Minimum standards checklist: Including older people in disaster risk management

These guidelines recommend minimum standard checklists to ensure the inclusion of older people in the planning and implementation of disaster preparedness and response activities.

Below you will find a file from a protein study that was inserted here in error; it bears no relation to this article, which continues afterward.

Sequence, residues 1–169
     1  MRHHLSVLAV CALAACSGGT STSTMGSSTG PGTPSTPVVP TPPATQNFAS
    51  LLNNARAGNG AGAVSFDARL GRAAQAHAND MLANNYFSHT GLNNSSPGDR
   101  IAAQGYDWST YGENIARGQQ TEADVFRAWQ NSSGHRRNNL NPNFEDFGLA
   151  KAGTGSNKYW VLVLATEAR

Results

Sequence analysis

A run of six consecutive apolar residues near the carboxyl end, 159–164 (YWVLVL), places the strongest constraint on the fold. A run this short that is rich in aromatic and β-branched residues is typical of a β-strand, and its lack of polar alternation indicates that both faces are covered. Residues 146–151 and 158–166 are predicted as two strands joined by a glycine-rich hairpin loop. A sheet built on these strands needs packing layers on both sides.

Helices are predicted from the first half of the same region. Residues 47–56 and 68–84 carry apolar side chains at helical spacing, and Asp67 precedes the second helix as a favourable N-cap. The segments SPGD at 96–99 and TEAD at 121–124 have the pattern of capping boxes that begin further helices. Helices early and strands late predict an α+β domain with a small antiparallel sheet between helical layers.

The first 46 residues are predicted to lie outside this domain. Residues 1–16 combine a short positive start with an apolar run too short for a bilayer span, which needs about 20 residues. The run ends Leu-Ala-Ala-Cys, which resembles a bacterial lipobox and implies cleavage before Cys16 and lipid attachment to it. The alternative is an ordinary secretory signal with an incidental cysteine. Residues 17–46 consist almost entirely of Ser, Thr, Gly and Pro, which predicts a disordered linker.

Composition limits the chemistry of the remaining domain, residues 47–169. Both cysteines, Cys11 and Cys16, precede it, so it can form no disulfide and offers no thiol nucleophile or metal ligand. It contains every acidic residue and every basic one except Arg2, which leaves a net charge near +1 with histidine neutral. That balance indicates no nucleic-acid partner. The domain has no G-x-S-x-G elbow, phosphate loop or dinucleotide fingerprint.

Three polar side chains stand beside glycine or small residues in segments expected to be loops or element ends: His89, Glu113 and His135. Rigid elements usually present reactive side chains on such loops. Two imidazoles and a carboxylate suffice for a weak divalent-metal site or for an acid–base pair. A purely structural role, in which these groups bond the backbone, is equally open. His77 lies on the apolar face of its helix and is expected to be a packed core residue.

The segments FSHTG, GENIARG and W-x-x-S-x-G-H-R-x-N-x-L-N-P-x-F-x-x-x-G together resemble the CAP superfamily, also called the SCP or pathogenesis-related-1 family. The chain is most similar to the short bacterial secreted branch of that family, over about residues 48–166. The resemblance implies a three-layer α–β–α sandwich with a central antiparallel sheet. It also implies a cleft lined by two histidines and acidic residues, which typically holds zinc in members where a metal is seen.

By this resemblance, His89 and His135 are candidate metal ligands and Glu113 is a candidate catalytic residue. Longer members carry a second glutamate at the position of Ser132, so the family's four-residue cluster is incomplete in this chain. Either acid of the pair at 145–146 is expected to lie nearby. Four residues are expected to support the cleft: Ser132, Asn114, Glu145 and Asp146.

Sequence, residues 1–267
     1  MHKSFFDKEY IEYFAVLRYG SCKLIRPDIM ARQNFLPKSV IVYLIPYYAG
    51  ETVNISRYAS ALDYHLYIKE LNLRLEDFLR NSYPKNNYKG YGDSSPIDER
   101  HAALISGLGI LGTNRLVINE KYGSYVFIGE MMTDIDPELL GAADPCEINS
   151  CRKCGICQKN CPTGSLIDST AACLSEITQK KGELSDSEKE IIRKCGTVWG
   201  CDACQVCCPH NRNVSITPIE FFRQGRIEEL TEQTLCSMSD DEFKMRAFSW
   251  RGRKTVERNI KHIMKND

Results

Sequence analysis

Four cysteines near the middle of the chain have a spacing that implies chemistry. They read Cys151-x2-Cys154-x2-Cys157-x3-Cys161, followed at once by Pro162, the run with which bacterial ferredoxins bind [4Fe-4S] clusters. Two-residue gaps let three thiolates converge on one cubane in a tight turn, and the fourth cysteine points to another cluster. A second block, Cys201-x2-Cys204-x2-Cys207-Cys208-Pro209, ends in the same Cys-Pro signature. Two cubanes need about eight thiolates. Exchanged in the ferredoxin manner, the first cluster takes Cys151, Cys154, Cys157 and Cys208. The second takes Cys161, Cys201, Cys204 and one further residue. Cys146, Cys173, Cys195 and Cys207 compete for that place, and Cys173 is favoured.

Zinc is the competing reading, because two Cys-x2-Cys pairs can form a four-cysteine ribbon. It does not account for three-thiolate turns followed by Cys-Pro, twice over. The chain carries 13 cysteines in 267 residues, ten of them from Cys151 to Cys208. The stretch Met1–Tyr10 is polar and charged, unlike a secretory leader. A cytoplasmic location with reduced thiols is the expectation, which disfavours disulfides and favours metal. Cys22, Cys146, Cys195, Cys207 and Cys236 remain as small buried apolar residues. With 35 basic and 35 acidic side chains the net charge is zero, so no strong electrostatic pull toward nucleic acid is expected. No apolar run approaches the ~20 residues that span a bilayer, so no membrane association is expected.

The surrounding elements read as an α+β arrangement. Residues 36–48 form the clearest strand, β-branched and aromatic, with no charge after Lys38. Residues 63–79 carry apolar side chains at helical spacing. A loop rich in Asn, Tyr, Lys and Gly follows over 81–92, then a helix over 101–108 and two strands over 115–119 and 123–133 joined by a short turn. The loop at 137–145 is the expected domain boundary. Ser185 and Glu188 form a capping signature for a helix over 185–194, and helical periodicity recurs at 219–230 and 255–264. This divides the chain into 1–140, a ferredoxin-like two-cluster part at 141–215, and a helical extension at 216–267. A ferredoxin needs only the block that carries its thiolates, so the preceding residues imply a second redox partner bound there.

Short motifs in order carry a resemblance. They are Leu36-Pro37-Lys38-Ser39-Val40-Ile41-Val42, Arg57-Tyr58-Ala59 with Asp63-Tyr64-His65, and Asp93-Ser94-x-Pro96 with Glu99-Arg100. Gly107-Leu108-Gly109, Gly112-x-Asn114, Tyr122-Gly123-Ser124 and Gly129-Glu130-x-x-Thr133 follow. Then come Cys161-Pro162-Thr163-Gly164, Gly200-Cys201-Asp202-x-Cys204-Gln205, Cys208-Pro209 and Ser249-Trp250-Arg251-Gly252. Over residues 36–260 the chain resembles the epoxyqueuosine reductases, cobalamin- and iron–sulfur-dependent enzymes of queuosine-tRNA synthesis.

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  Minimum standards checklist:   Including older people in disaster risk management   2   Background The world is changing rapidly. Globalisation oers endless economic opportunities, but also has costs. Unsustainable land use and biodiversity loss are happening at an unprecedented speed. Global warming has seen a rise in temperature of about 0.8°C in the past century (with about two-thirds of this increase occurring since 1980), leading to greater environmental and climatic risks.¹These changes are occurring alongside rapid population growth and population ageing. The world population has quadrupled to 7 billion people in just over 100 years. Today, people aged over 60 constitute 11 per cent of the global population. By 2050, this proportion will have doubled, to 22 per cent – that is, 2 billion older people. Populations are ageing most rapidly in developing countries, which are currently home to 60 per cent of the world’s older people, projected to rise to 80 per cent by 2050.²While the ageing population is to be celebrated, as it represents the triumph of development and improvements in healthcare, the combination of more extreme climate events and an ageing population has the potential to increase older people’s vulnerability to risks and disasters, especially in low- and middle-income countries. All too often, disasters (whether slow or rapid onset) result in avoidable and disproportionate loss of life and impoverishment among older people, whose vulnerabilities and capacities are overlooked, even though they have the same rights as other age groups to protection from physical and psychological harm.  3 Disaster risk management With the increasing frequency and severity of natural disasters, many countries are realising the importance of disaster risk management. Preparedness measures can signicantly reduce the impact of disasters on people’s lives, livelihoods and assets, while some disasters like oods can be prevented entirely by investing in ood-resistant infrastructure. Robust preparedness plans also enable a rapid and more eective response when a disaster is unfolding.Yet HelpAge has found that the needs and capacities of older people and other vulnerable groups are consistently overlooked in disaster preparedness planning, and consequently during the response. To give just a few examples: early warnings are not reaching people who have hearing problems; bedridden people are not assisted to evacuate; and emergency stockpiles do not contain medicines commonly used by older people (such as for diabetics or heart disease). Minimum standards checklists These guidelines recommend minimum standard checklists to ensure the inclusion of older people in the planning and implementation of disaster preparedness and response activities. Policies and programmes that follow these guidelines will signicantly reduce the impact of disasters on older people’s lives and livelihoods.These checklists are not exhaustive but provide a framework for policy makers and practitioners for the dierent phases in disaster risk management. Disaster resilience in an ageing world: How to make policies and programmes inclusive of older people    This document is a summary of the publication Disaster resilience in an ageing world.  4   4   Vulnerability and capacity Extreme weather events tend to have a disproportionate impact on older people. When Hurricane Katrina struck New Orleans in 2005, 75 per cent of those who died were aged over 60, even though this age group comprised only 16 per cent of the local population.³ Similarly, in the Japanese tsunami of 2011, 56 per cent of those who died were 65 and over, despite this age group comprising just 23 per cent of the population.⁴ These gures illustrate that disaster management systems are ill equipped to respond to older people’s needs. Understanding older people’s vulnerabilities There are four key reasons explaining older people’s heightened vulnerability in the face of climate-related shocks: 1.  Physical decline that comes with ageing, which can include poor health, mobility, sight and hearing. 2.  Lack of provision of adequate services for older people, both on a daily basis and in emergency situations. 3.  Age discrimination, which serves to exclude and isolate older people, and often violates their rights. 4.  Poverty levels among older people, often exacerbated by lack of social protection mechanisms and livelihood opportunities.Older people’s physical challenges can reduce their capacity to prepare for disasters – for example, they may struggle to stockpile food and water, bring livestock to safety quickly, or travel long distances. Frail and poor older people who live alone, isolated from family and community support, are more likely to live in poorly constructed houses, which can put them at greater risk. In addition, many frail or housebound older people may be less able or willing to ee their homes.Yet simple things can make a dierence. For example, providing walking sticks and frames, hearing aids and eye glasses for older people as part of a disaster response can help them reach distribution points, access assistance, prepare food or collect rewood. Recognising older people’s capacities Older people have a lifetime of experience, knowledge and skills that are vital to understanding local environmental hazards and their impacts. It is therefore vital to recognise older men and women’s capacities, and support them to make a signicant contribution to all stages of disaster management activities, from risk assessment through to operational response and recovery. Potential contributions include: 1.  As village elders and traditional knowledge-holders, older people can be a valuable source of information on local hazard and risk proles, and sustainable mitigation strategies.    A  n  w  a  r   S  a   d  a   t   /   H  e   l  p   A  g  e   I  n   t  e  r  n  a   t   i  o  n  a   l